Boston Beer (SAM -1.41%), Kite Pharma (NASDAQ: KITE), and Skechers (SKX -1.31%) are top stocks that our Motley Fool contributors think an acquirer might find intriguing enough to buy. There are different reasons investors in these company's might benefit from an acquisition, so let's take a closer look at these stocks.
Drink in the opportunity
Rich Duprey (Boston Beer): You're not going to find founder and Chairman Jim Koch tacking up a for-sale sign over Boston Beer's corporate offices, though maybe he should. If there's a business that needs to be bought out, it's this leading craft brewer.
Boston Beer has become a victim of its own success. It's led the craft-brewing charge over several decades, and there are now more than 5,000 breweries in operation, most of them producing craft beer. The proliferation of options for beer drinkers has ended up diluting Boston Beer's Samuel Adams brand.
The lager's sales are in a downward spiral, and nothing the brewer has tried is helping. It's no longer small enough to be really considered a craft beer -- the industry's Brewers Association has revised the definition to accommodate Boston Beer's growth -- but it's too small yet to compete effectively against its large, mass-brewed rivals. Yet it is such a familiar beer in stores and on tap at restaurants and bars that it has the image of a bigger brewer, which doesn't sit well with many craft-beer drinkers today who are looking for new and local flavors.
Anheuser-Busch InBev has made a big splash in buying up craft breweries, albeit much smaller ones than Boston Beer, as has Constellation Brands, which bought Ballast Point Brewing for $1 billion, and Heineken, which bought up half of Lagunitas. With Boston Beer's declining fortunes, an investment or purchase by a megabrewer might help its stumbling performance.
Of course, there are a couple of options open to Boston other than getting bought out, such as going private or even buying up small craft brewers itself to reignite growth in its portfolio, which, like its flagship brand, is also suffering from falling sales. For example, its big hard-cider brand, Angry Orchard, is also in a funk, while those few niches that are still selling well -- hard soda and seltzer -- feel more like fads than trends.
But having found itself in an accelerating downward spiral, Boston Beer may have signaled to a bigger brewer that it's ripe for the taking.
Keith Speights (Kite Pharma): It's been a great year for Kite Pharma so far. The clinical-stage biotech announced great results on Feb. 28 for its lead candidate, axicabtagene ciloleucel. (I suspect the name came from throwing Scrabble tiles on a Kite scientist's desk.)
In a phase 2/3 clinical study, the chimeric antigen receptor T-cell (CAR-T) drug produced astonishing results. Patients with chemorefractory aggressive B-cell non-Hodgkin lymphoma (NHL) who took a single infusion of axicabtagene ciloleucel (let's call it AC for short) experienced an 82% objective response rate. After six months, a full 36% of patients had no signs of cancer.
This was beyond merely good news for Kite. These results were so positive that the biotech is quickly moving forward with pursuing regulatory approval. It also could bode well for AC in treating other types of cancer.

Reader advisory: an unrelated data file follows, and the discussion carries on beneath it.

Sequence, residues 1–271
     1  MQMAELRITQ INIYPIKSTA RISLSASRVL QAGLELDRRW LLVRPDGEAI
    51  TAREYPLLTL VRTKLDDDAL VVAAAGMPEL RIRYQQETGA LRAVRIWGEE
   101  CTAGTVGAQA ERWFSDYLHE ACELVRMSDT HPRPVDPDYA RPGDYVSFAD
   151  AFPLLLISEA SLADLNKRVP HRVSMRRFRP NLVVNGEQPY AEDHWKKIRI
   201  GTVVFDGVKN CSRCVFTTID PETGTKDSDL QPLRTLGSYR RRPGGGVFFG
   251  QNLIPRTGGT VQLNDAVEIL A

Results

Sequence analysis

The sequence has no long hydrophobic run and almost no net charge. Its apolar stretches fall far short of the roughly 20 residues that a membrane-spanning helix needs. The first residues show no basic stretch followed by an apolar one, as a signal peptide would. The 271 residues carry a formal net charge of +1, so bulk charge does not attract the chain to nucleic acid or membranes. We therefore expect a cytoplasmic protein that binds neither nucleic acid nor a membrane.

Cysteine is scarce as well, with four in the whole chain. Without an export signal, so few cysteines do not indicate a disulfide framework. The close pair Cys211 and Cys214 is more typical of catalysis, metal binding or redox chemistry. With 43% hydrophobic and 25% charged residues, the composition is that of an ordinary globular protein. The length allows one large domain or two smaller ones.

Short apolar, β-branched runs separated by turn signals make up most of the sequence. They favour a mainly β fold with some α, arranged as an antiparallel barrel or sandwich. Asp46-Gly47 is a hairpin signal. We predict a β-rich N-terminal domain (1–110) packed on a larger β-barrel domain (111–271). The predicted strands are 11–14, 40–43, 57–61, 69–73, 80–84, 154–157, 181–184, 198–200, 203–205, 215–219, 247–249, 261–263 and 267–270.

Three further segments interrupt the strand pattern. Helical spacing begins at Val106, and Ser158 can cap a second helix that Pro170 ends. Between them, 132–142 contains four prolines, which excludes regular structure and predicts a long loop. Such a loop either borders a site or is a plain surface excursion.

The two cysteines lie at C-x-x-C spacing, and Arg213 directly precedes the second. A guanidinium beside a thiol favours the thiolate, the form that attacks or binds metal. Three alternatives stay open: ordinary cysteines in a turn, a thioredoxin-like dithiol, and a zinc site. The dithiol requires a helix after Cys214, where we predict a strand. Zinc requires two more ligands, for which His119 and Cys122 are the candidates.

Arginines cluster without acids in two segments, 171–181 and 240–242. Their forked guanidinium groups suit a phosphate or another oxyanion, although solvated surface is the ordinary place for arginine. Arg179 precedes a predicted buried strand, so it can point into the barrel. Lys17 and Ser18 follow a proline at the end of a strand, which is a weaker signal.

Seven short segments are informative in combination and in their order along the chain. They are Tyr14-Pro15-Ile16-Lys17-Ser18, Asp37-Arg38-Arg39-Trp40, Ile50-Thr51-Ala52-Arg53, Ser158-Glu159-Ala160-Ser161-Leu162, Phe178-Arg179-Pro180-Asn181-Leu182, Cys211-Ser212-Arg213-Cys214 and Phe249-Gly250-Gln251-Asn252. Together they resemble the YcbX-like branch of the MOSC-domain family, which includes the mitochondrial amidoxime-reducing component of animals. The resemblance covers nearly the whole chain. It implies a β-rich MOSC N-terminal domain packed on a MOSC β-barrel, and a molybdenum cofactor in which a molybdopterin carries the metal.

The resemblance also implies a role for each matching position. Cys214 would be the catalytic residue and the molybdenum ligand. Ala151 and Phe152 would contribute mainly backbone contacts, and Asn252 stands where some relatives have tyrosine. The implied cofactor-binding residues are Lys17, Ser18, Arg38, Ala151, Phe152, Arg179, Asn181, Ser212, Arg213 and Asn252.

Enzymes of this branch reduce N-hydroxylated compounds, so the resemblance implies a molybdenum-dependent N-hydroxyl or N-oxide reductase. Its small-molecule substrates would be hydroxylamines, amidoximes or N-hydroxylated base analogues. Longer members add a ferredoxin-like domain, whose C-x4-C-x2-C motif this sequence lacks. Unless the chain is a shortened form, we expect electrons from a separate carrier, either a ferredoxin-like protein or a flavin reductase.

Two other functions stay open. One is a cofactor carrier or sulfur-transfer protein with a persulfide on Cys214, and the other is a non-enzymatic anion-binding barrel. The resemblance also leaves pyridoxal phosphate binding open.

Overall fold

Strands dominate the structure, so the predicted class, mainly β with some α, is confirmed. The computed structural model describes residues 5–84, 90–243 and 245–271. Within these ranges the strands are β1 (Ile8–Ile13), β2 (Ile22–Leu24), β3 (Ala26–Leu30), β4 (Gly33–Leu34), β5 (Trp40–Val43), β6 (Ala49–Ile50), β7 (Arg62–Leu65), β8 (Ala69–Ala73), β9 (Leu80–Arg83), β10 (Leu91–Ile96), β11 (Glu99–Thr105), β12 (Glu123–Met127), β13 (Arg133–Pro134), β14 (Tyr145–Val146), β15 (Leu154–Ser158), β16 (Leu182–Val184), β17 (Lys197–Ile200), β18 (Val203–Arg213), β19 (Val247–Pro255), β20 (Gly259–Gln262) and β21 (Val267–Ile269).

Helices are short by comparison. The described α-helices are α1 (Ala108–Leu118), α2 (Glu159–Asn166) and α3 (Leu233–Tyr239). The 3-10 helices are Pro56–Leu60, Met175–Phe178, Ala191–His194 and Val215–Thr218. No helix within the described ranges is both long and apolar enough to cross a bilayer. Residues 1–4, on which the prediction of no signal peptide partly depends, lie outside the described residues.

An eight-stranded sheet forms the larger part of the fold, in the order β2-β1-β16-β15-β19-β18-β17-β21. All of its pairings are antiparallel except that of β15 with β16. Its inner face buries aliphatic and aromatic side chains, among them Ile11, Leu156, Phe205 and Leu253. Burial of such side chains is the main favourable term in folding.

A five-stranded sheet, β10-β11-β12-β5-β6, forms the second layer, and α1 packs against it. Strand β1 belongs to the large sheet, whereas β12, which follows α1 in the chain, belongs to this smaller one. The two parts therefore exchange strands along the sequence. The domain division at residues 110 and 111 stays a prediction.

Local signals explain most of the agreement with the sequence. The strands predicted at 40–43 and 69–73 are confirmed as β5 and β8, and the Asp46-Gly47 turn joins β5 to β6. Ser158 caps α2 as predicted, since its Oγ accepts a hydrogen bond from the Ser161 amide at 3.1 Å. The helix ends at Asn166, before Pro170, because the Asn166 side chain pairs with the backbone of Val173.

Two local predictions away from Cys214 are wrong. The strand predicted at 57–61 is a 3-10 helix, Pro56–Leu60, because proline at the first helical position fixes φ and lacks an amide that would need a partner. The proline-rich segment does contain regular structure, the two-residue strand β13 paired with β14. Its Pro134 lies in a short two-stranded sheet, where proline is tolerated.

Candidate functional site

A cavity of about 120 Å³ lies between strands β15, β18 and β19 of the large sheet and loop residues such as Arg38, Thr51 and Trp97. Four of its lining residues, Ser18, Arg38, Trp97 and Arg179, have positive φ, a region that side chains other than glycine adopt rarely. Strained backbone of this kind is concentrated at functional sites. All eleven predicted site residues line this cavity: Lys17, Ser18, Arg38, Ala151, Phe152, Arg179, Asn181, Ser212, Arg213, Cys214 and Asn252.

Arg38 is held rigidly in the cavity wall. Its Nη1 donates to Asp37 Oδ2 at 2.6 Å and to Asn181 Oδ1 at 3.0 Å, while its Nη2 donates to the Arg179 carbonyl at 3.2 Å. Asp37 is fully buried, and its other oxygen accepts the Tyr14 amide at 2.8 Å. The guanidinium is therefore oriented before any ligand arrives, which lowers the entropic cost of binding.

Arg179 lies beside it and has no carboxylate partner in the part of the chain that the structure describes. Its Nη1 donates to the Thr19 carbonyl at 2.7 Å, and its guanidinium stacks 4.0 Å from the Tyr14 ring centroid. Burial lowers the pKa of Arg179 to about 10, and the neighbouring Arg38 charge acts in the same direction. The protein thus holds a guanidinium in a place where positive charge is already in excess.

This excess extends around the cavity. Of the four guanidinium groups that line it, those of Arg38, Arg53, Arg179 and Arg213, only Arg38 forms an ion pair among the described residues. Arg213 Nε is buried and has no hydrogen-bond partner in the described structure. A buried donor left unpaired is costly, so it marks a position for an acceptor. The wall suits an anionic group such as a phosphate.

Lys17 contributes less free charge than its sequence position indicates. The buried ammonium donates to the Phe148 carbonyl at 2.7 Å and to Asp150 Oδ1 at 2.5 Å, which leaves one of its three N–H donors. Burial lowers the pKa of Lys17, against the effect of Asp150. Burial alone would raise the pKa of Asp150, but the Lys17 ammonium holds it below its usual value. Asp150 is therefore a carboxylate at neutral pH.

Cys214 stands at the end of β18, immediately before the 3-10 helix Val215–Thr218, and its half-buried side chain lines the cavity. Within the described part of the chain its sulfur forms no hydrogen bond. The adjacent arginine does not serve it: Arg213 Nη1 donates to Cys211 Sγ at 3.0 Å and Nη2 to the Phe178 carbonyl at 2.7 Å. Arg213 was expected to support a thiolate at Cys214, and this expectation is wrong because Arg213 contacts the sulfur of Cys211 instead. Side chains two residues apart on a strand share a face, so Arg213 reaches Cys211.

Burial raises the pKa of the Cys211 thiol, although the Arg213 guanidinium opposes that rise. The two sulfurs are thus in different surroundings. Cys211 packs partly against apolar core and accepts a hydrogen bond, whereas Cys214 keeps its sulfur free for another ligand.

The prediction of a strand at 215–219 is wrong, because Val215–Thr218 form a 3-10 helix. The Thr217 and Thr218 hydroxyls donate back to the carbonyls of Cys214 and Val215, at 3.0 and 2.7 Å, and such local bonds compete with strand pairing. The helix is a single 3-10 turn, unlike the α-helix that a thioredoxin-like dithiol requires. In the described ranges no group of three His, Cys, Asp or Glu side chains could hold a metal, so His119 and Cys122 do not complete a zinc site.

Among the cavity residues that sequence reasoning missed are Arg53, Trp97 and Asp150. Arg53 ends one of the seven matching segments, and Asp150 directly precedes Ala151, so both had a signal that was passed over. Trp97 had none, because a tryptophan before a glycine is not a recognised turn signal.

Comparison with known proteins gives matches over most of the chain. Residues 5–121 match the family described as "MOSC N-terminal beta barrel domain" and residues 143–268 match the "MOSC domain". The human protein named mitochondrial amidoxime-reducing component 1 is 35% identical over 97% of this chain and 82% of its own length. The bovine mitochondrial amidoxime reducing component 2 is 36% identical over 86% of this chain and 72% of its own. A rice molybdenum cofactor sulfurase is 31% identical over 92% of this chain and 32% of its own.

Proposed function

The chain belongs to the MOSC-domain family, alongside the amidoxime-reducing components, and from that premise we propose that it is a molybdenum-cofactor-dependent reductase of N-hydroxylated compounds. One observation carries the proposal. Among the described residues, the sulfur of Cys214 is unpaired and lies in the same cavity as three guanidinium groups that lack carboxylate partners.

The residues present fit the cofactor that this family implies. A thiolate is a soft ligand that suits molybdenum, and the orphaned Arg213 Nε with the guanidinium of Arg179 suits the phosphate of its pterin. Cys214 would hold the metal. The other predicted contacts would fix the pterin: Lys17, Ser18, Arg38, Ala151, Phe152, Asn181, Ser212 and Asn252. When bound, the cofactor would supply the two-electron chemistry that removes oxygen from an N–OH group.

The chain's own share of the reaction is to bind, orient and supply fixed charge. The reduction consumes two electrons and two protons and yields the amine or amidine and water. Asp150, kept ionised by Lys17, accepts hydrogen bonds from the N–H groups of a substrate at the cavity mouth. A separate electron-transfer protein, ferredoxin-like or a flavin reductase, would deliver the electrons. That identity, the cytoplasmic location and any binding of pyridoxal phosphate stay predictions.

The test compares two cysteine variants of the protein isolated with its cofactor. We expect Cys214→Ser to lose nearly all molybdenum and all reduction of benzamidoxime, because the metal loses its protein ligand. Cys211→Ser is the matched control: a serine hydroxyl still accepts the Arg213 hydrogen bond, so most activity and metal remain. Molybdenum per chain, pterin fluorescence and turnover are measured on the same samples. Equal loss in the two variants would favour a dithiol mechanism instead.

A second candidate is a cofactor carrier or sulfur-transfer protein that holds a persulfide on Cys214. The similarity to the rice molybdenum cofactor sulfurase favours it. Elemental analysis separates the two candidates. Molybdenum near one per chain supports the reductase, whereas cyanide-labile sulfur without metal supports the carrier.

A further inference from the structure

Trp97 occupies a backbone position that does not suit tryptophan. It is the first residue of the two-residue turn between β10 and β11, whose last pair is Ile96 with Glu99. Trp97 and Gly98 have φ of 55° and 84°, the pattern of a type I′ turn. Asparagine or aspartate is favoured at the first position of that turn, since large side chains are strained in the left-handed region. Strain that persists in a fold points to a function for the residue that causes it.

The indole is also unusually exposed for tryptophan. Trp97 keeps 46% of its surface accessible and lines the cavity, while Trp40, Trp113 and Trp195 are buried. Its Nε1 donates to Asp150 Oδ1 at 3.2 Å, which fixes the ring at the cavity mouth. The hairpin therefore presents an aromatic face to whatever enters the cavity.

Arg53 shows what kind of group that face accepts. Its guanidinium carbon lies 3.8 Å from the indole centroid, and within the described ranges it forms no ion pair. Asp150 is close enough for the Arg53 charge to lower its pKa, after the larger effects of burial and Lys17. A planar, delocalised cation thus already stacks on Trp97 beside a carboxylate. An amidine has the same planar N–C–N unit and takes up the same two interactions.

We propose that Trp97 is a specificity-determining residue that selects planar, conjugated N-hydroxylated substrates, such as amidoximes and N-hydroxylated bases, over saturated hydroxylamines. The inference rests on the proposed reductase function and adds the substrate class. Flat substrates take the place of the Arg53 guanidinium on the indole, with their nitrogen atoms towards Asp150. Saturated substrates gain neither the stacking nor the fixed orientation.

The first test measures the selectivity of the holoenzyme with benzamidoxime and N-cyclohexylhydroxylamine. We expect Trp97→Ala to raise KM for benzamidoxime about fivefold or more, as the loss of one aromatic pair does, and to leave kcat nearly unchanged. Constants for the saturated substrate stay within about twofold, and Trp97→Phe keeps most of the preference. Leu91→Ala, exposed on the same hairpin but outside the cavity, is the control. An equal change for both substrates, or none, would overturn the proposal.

Even with the recent run-up in Kite stock, the biotech still has a relatively low market cap. That makes it readily affordable for a host of larger companies. In my view, Kite is one of the best acquisition targets around right now. I'll be shocked if Kite isn't snatched up by a larger company by the end of the year -- if not much sooner.
Kite is flying high. I expect the stock to go even higher, with the possibility of a bidding war between multiple big biopharmaceutical suitors.
M&A is in fashion
Todd Campbell (Skechers): Robert Greenberg did it. He built not one, but two multibillion-dollar footwear companies. After building L.A. Gear into an '80s fashion icon, he and his son have grown Skechers into a $3.5 billion global footwear leader.
Over their 25 years at Skechers, Greenberg, who is in his mid-70s, and his son, Michael, have a lot to be proud of. In 2015, Skechers was ranked the second largest athletic footwear maker, according to NPD.
However, retail-store closures and bankruptcies make growth tougher to come by nowadays, and tough talk on trade out of D.C. could pose headaches for companies that manufacture their products overseas. If the Greenbergs were willing to entertain an offer from a bigger peer, no one could blame them.
As for an acquirer, a good argument can be made that now's a good time to knock on Skechers' door. The company's profitable, with $244 million in net earnings last year, and it's got a solid balance sheet with over $700 million in net cash, and only $75 million in long-term debt. An acquirer would get a successful distribution model that includes international wholesale, retail, and domestic wholesale, and Skechers' revenue and profit could be heading higher, not lower. Revenue was up 13% last year, and it could approach $4 billion in 2017.
A bigger peer such as VF Corp. could conceivably carve out additional profit by eliminating overlapping costs, too. (Skechers spent $277 million on general and administrative expenses last year.)
Furthermore, Skechers could offer attractive value now, given that its shares are trading at only 13 times forward EPS estimates and 1.1 times sales. For comparison, Nike's forward P/E ratio is 21, and it's trading at 2.8 times sales. VF Corp. has a 16 forward P/E, and it's valued at 1.8 times sales, while Adidas AG's forward P/E is 20 and its price-to-sales ratio is 1.7. Clearly, Skechers stock isn't pricey when compared with those of its peers.
Granted, these two industry veterans might not be interested in selling, but even if they aren't, Skechers' potential to grow profit, and its valuation, could make it worth adding to portfolios anyway.